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(View north of Park Avenue with Candela's pinnacling 770 and 778 Park Avenue in the center (via Compass) (View north of Park Avenue with Candela's pinnacling 770 and 778 Park Avenue in the center (via Compass)
If you are one of the many admirers of New York City's pre-war residential buildings, chances are you count those designed by Rosario Candela among your favorites. As architecture critic Carter Horsley puts it, “These buildings reek with good taste, better proportions, lavish expanses of limestone on the exterior, and considerable square footage inside the apartments.”
Born in Sicily, Candela came to the United States in 1909 and graduated from the Columbia School of Architecture in 1915. He is widely considered to have been the country's greatest designer of luxury apartment buildings and he collaborated with many of the city's most famous architectural firms such as Warren and Wetmore, the designer of Grand Central Terminal. With a career of built work spanning five decades and more than 50 luxury apartment buildings in Manhattan alone, he was best known for his mastery of interior layouts, which often featured grand foyers, dramatic curving staircases in duplex units, and impressive public rooms. Other thoughtful details included perfectly spaced windows, and thick inner walls to conceal bumps from plumbing, beams, and columns.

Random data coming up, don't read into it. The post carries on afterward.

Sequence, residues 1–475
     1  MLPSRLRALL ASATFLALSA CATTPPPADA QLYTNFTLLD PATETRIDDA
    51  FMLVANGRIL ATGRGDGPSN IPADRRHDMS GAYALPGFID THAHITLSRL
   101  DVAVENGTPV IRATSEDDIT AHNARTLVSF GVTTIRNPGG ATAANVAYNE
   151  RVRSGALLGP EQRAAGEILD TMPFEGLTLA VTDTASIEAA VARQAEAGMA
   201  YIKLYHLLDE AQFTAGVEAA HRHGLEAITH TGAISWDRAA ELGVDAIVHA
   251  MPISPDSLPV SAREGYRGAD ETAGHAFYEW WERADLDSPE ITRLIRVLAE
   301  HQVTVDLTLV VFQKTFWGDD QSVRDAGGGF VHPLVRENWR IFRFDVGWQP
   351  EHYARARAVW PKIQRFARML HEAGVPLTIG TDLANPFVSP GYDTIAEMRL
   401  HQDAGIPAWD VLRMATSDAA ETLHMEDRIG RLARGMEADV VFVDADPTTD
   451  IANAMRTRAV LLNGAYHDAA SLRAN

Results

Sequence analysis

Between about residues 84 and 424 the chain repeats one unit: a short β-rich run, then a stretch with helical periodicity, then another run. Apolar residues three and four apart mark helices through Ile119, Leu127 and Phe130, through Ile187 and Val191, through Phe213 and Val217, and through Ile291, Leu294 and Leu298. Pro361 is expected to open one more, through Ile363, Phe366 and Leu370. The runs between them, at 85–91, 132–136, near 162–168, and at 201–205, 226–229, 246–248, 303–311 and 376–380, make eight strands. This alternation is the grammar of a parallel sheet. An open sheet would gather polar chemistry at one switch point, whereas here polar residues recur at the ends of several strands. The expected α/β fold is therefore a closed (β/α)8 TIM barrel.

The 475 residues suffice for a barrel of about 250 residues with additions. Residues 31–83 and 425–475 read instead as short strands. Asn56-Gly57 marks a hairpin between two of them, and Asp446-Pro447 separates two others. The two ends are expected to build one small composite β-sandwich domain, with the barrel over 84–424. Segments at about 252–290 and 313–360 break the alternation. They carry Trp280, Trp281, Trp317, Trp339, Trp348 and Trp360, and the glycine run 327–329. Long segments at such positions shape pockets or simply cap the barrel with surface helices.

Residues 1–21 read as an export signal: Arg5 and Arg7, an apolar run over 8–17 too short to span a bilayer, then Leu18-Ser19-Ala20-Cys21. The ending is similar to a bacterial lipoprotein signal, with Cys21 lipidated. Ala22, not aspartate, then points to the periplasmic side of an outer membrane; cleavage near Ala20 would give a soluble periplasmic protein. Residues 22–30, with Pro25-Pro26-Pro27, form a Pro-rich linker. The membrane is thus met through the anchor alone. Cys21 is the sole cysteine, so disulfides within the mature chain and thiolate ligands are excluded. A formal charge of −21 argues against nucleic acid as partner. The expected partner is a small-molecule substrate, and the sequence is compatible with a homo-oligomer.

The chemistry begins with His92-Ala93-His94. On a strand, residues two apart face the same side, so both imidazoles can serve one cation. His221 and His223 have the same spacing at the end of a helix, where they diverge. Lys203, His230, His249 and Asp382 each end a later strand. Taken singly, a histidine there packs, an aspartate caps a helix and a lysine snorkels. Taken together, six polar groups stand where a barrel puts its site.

At the height of the Jazz Age in the 1920s, his elegant buildings of set-back terraces elegantly adapted to the city's 1916 zoning resolution, and were judiciously decorated in Neo-Georgian and Art Deco ornamentation that gave most of his buildings a quiet and understated appearance. However, it was his gracious formal interiors that helped transform Fifth Avenue, Park Avenue, and Sutton Place into the sought-after apartment addresses that they are today. Coaxing wealthy New Yorkers to surrender their mansions for apartment living wasn't easy, and he used tantalizing marketing tactics to persuade them to give up their private houses and move into these palatial residences.